New York (AFP) - US federal prosecutors filed criminal charges against Turkey's state-run Halkbank Tuesday for allegedly participating in a multi-billion-dollar scheme to evade economic sanctions on Iran.
The Department of Justice said it had charged the bank with six counts of fraud, money laundering, and sanctions offenses.
"This is one of the most serious Iran sanctions violations we have seen," Assistant Attorney General John Demers said in a statement announcing the indictment.
He added Halkbank had allegedly violated sanctions by "illegally giving Iran access to billions of dollars' worth of funds, all while deceiving US regulators about the scheme."
The indictment comes at an extremely sensitive time between Washington and Ankara after the US slapped sanctions on Turkey on Monday over its military offensive against Kurdish fighters in northeastern Syria.
US prosecutors have charged nine individuals in relation to the case, including Mehmet Hakan Atilla, a deputy director general of the bank, who was convicted last year of plotting to help Tehran evade American sanctions on Iranian oil proceeds.
Atilla was found guilty in January 2018 following a five-week trial in New York. He was released from prison in July this year.
Atilla's conviction hinged on the testimony of Turkish-Iranian gold trader Reza Zarrab, who was arrested by US authorities in 2016 after jetting to Florida with his pop-star wife and child on a family holiday to Disney World.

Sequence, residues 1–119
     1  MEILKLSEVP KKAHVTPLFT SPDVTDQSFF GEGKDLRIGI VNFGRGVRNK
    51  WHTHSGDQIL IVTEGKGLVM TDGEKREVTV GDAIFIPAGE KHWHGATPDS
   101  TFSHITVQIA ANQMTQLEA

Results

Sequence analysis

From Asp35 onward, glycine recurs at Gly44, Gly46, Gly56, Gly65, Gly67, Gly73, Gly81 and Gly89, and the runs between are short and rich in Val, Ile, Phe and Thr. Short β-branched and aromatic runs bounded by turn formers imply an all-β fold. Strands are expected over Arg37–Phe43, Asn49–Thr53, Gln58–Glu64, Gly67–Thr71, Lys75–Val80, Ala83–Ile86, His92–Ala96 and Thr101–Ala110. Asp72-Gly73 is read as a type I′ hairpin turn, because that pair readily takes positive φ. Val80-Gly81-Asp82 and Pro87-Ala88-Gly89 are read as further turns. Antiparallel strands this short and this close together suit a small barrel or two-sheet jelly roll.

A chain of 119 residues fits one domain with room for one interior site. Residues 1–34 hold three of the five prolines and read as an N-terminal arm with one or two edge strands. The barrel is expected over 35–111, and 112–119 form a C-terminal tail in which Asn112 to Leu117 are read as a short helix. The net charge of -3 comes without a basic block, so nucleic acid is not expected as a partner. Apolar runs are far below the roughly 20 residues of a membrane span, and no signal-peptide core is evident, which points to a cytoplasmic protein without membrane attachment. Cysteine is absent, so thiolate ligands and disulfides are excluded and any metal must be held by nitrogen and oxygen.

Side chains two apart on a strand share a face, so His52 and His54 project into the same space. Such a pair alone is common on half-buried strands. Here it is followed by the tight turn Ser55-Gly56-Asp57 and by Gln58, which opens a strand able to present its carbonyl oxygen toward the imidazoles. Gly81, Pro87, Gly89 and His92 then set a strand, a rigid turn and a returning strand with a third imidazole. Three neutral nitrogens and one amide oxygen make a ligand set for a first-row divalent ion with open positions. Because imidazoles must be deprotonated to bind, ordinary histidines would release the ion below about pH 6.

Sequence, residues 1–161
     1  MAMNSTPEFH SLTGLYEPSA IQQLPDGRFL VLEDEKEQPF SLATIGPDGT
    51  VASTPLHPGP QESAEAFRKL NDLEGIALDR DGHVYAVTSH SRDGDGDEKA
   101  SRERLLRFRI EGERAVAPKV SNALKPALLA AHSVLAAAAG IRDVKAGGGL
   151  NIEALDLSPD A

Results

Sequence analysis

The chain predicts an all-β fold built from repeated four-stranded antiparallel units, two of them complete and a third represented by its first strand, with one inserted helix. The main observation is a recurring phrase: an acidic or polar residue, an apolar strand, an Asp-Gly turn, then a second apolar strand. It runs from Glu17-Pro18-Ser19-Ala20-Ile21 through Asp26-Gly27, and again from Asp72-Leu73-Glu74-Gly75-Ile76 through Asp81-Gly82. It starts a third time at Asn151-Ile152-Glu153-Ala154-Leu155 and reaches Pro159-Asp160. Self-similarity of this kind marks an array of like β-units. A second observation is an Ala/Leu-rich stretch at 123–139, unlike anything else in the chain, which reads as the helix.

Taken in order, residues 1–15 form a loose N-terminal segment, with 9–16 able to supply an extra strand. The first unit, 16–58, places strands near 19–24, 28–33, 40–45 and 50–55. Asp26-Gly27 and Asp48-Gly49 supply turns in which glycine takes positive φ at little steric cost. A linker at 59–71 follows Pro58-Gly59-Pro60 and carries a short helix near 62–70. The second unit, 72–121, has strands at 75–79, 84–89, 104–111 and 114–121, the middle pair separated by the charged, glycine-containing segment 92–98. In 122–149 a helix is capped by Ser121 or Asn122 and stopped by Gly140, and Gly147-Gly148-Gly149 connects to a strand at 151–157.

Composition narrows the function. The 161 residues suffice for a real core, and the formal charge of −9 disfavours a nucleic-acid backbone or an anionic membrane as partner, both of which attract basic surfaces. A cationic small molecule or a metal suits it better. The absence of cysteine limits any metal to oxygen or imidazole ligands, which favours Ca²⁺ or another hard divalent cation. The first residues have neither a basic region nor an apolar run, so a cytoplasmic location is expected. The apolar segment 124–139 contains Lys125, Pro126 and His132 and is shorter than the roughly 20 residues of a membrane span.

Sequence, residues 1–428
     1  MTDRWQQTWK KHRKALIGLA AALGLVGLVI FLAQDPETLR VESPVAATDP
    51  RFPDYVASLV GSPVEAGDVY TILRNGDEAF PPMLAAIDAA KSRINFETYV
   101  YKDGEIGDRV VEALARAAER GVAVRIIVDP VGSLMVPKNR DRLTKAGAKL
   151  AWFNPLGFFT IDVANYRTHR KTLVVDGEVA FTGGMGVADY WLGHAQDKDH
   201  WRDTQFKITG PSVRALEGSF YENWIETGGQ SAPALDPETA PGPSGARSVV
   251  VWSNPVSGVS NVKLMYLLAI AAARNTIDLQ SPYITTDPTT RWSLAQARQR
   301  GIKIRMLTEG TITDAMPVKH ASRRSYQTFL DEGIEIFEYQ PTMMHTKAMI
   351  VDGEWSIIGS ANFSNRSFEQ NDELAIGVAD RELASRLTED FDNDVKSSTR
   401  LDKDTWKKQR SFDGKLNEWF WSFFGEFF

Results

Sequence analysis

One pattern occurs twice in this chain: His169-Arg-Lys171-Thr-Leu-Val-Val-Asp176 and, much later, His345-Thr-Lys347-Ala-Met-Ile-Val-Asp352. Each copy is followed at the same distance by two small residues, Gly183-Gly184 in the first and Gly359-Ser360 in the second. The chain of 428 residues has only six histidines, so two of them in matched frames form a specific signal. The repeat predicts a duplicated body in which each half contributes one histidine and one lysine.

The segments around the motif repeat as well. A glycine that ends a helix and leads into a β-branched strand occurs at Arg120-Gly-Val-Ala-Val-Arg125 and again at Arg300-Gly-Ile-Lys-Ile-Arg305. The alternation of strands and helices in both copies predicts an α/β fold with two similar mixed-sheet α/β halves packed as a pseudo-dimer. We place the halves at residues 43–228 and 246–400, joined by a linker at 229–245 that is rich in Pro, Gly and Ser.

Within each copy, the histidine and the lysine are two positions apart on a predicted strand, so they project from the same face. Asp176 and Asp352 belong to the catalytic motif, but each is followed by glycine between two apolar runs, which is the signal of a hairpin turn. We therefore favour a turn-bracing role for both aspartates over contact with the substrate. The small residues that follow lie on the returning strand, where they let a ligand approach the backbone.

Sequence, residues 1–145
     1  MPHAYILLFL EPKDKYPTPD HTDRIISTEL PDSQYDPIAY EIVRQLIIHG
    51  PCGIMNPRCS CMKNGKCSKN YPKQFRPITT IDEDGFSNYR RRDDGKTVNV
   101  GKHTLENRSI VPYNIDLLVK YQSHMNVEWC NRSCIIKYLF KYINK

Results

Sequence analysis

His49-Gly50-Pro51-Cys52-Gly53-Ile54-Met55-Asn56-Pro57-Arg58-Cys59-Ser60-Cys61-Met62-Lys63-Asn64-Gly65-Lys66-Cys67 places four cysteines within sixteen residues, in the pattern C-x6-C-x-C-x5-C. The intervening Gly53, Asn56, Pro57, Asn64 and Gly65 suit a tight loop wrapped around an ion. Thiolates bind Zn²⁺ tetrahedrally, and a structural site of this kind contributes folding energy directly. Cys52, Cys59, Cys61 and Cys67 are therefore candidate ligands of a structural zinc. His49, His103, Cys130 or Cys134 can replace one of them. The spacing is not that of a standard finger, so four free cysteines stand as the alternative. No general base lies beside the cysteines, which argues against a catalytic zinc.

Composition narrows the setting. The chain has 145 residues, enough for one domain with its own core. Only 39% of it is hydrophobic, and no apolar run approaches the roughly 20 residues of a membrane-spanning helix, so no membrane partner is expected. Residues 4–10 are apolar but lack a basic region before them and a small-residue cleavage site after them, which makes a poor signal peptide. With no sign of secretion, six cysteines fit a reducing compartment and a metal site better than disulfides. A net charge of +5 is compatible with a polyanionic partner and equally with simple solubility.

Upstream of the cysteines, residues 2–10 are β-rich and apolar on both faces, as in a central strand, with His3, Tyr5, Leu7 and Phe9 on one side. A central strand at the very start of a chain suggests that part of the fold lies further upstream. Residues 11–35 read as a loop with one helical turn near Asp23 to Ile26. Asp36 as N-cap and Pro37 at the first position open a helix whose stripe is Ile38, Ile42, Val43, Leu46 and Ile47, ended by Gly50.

Zarrab initially pleaded not guilty then flipped, becoming a US government witness after admitting being involved in the gold-for-oil scheme to subvert the economic sanctions.
His testimony identified Atilla as a key organizer in the scheme, but also implicated former Turkish ministers and even President Recep Tayyip Erdogan.
Erdogan has repeatedly rejected the allegations, saying Turkey did not violate the US embargo on Iran and that political rivals were behind the case.
The case has been a regular subject of discussion between Washington and Ankara.
Tuesday's indictment, filed in a Manhattan court, alleges that between 2012 and 2016 the Turkish bank and co-conspirators used front companies in Iran, Turkey, the United Arab Emirates and elsewhere to get round a ban on Iran's access to the US financial system.
They say Halkbank allowed illegal Iranian money to be deposited with it, including the proceeds of sales of Iranian oil and gas. Iran's government then used the money to buy gold.
Halkbank illicitly transferred approximately $20 billion worth of restricted Iranian funds, prosecutors allege.
They claim that high-ranking officials in Turkey's government received bribes worth tens of millions of dollars paid from the proceeds of the scheme to shield it from US regulators.
It was not immediately clear what the consequences of the indictment are for the bank.